How would you measure GDP Growth? By comparing it to last year. And when you get a GDP growth figure like 7.9% you always get up and say, wow! This is the fastest growing emerging market in the world! And it’s growing faster than it has in the past couple years:
Note: An earlier version of this post had used two-year-ago data that has apparently been further revised in some interim timeframe. We saw data revised all the way to 2011, which is not something that happens often, and we didn’t see that coming! We apologize for the error and have fixed the data here.
Awesome, you think. It’s always going to be the details that matter of course.
A note on past revisions.
GDP data isn’t accurate. It’s a guess. Today is May. You don’t know how much the GDP was last year for sure. You take a guess based on a lot of data points – companies that announce results, excise and custom duty collected, people’s TDS, and so on. But people will change that data – they will file tax returns in July. You will see excise and customs duty collection numbers change once people file returns. You will see data changed. So, when data changes they revise the past data.
The data isn’t adjusted a whole lot. It’s usually a small amount – because otherwise you weren’t guessing right at all. Last year, the GDP for March 2015 was reported first at a measly 6.1%. This has suddenly changed up to to 6.7% because – hold your breath – they have revised March 2014 data now. And this has seen changes for GDP growth back to 2012. In the interim, of course, we have had a base year change – from using “stable” prices of 2004-05, they moved to using stable prices of 2011-12 instead, and this has probably involved many more interim revisions.
Right now, we have seen data changed for the base year in Jan 2015. Then a revision of the past data has been seen in May 2015, then again in Sep 2015 and Feb 2016. And yet again now, when certain excel sheets on the MOSPI site (which releases the GDP data) has numbers we have never encountered before.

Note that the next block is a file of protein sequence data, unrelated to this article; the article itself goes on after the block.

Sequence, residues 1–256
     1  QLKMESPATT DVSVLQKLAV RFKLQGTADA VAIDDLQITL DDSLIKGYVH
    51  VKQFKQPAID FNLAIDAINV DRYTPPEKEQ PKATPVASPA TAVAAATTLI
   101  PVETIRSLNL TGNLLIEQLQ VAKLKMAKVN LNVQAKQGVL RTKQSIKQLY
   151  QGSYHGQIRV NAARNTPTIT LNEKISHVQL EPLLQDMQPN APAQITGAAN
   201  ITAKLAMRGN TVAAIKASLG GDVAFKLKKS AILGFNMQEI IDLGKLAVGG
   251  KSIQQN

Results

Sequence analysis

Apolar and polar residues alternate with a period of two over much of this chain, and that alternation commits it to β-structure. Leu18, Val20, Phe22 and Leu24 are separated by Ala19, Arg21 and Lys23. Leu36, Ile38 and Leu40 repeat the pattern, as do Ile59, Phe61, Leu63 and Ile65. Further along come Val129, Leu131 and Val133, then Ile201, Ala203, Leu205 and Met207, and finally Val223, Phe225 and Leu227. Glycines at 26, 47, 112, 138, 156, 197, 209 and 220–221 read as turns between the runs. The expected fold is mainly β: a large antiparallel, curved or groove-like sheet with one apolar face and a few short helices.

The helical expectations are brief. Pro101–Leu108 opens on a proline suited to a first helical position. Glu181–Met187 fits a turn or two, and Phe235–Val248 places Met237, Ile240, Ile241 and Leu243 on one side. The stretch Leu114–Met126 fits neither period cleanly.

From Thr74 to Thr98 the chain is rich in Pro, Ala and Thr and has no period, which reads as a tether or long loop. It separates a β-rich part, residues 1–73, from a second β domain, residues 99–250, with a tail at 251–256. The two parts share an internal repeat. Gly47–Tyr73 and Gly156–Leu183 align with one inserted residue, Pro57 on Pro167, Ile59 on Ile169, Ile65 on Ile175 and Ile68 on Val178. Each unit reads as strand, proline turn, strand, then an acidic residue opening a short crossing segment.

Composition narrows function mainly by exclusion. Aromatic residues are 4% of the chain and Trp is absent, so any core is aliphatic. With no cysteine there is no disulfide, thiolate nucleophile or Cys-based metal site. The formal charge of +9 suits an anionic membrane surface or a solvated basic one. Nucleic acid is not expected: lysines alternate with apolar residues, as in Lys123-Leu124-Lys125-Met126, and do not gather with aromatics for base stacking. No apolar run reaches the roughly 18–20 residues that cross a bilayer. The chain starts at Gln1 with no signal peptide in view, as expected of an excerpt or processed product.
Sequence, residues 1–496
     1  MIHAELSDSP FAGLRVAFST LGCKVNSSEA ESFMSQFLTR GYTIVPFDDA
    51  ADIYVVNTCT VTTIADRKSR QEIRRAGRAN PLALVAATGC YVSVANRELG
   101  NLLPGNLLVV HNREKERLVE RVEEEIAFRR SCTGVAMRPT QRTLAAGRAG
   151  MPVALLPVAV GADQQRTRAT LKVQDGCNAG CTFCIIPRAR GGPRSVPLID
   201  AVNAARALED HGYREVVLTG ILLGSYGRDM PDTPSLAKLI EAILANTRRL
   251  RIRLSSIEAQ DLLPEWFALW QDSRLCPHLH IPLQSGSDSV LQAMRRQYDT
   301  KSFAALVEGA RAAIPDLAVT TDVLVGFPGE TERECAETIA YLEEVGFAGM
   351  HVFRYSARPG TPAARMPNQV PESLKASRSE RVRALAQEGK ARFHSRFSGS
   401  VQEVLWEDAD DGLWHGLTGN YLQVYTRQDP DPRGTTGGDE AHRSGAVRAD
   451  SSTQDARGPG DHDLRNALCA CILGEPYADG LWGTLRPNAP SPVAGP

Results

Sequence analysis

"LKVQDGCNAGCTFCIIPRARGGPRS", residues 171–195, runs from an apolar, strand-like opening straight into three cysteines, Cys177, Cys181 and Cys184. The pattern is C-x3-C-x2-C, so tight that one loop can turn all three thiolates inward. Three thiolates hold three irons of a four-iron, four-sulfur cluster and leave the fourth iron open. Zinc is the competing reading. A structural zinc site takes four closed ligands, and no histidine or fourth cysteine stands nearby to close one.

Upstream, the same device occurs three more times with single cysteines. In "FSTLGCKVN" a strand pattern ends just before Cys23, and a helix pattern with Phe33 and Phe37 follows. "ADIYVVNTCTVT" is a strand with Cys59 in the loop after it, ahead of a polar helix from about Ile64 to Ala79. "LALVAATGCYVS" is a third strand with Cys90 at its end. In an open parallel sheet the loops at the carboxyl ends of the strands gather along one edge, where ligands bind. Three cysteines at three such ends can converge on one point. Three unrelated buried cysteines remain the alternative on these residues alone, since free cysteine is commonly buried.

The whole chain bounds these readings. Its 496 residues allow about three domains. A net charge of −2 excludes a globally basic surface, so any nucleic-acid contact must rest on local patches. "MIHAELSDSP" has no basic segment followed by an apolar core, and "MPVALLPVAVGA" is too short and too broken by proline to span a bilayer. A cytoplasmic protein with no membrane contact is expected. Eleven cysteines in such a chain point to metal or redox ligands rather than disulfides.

In general, the growth numbers have, as it turns out, remained the same. Numbers have been revised downwards in most years, and that has meant we get similar growth rates (though absolute numbers have changed)
In an earlier version of this post, our past data going back earlier than 2014 was expected to be unrevised – since MOSPI doesn’t revise data after two years, generally. So our graphs showed a lower growth rate for past years. After looking at all the revisions, we have noted that growth rates haven’t changed since all numbers are changed downwards going back. You may make your guesses on how convenient this seems to be, but we apologize for our error.)
Sectoral growth has changed hugely for manufacturing, Mining and Electricity (through that doesn’t seem to reflect as much in the IIP):
We’re seeing reduced activity in construction, and some minor slowdown in personal services.
Manufacturing at 9.3% is at a very strong level – this is real growth remember, not nominal. However, if this was true, we should have been seeing much higher IIP figures than the sub-5% levels that we seem to be seeing. IIP is made from three sectors – Manufacturing, Mining and Electricity. And IIP growth in March 2015 was a miserable 0.05%.
If the three above sectors are showing real growth (net of inflation) of 8.6% or more, in the above GDP data, then why is IIP so miserably low? Both track “real” growth (i.e. net of inflation) and are released by the same agency – MOSPI. How can they differ so much?